To mark the centenary of the Royal Australian Navy, I’ve chosen to feature this naval phone, one of several that were crucial to the operation of the navy’s first flagship, HMAS Australia. I have a particular interest in that ship because my grandfather served on it for much of the First World War. The ‘loud-speaking’ hands-free voice-activated phone was used to communicate between the bridge and engine room.
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I must have walked past the mounted row of wooden propellers in our large transport store dozens and dozens of times without registering what I was seeing. They are all mostly of beautiful polished timber but it's the broken one that's should have caught my eye.
Beanbags are something I take for granted. They can be found in many homes, in family rooms, teenage bedrooms and even as pet beds. They are available in most ‘bargain’ stores and are a symbol of casual (even grotty) student households.
You might have been following the controversy about Denise Scott Brown and the Pritzker Prize. In 1991 Scott Brown’s husband and professional partner Robert Venturi was awarded the Pritzker Prize (often described as architecture’s Nobel Prize).
When Emily Thomas wrote her guide to the top 100 museum related blogs in July 14, 2009 it was an interesting and brave attempt to list engaging, informative and ongoing Museological posts. I say brave as things don't stay stationary on the web, and something that was good one minute can be gone the next.
Have you been down to Echuca in Victoria on the Murray River (the NSW and Victorian border) and been for a ride on a paddle steamer? The story of the paddle steamers is one of Australia's amazing inland pioneering transport systems on a par with the camel trains, bullock drays and Cobb and Co coaches.
The excellent 'Playing with Light' exhibition opens at the Powerhouse Museum on 14 September to coincide with Ultimo Science Festival. Developed by Scitech in Perth, the exhibition invites curious visitors of all ages to interact with prisms, lenses, mirrors and colour.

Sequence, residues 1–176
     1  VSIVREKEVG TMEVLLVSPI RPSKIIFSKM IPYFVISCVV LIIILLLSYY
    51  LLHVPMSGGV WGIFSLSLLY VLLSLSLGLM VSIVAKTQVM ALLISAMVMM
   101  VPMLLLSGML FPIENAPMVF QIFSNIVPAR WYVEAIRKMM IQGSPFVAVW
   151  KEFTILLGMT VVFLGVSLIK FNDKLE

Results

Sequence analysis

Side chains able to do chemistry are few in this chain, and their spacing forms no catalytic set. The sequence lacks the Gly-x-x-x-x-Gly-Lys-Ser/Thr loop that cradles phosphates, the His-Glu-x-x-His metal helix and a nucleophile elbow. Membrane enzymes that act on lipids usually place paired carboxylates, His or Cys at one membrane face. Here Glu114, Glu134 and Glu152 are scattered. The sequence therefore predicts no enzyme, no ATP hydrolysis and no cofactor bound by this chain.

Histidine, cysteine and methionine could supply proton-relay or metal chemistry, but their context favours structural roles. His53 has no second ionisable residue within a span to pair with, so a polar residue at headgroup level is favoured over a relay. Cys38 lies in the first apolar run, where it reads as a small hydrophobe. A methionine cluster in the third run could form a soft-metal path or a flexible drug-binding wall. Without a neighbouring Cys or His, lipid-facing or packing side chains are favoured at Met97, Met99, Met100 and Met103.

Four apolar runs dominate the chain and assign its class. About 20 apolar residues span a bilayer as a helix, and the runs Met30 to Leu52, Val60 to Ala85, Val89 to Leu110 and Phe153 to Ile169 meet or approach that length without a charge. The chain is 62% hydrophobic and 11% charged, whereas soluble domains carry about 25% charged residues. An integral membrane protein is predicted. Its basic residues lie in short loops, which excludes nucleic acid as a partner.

Once I feel myself observed by the lens, everything changes: I constitute myself in the process of ‘posing’, I instantaneously make another body for myself, I transform myself in advance into an image.
Re-skinning of buildings takes several forms, not all of them particularly reputable. During the 60s and 70s salesmen prowled the suburbs, seeking out fibro and weatherboard cottages that could be re-clad with aluminium or vinyl.
On Saturday 24th August, the Powerhouse Museum ‘popped-up’ with a small object display and promotional stall at the Haldon Street Festival in Lakemba. Attended by more than 20,000 people, predominantly from the local Canterbury Council area, the festival was a fantastic opportunity for the Museum to bring some of its collection to the people – in particular, objects which not only help to promote a major upcoming exhibition opening at the Museum in 2014, but which have a special relevance and connection to some of the audiences we’re visiting. The two objects selected for display at this particular Pop-UP was the wasekaseka split sperm whale’s tooth necklace from Fiji dating to the mid-19th century and a contemporary neckpiece titled ‘Red Drop’ by Norwegian designer, Liv Blavarp.
September 1st is Wattle Day, the perfect excuse to feature another of Agard Hagman's lovely botanical illustrations from 1888. The Museum's first Curator, Joseph Maiden (later Director of the Royal Botanic Gardens) was a well known wattle enthusiast.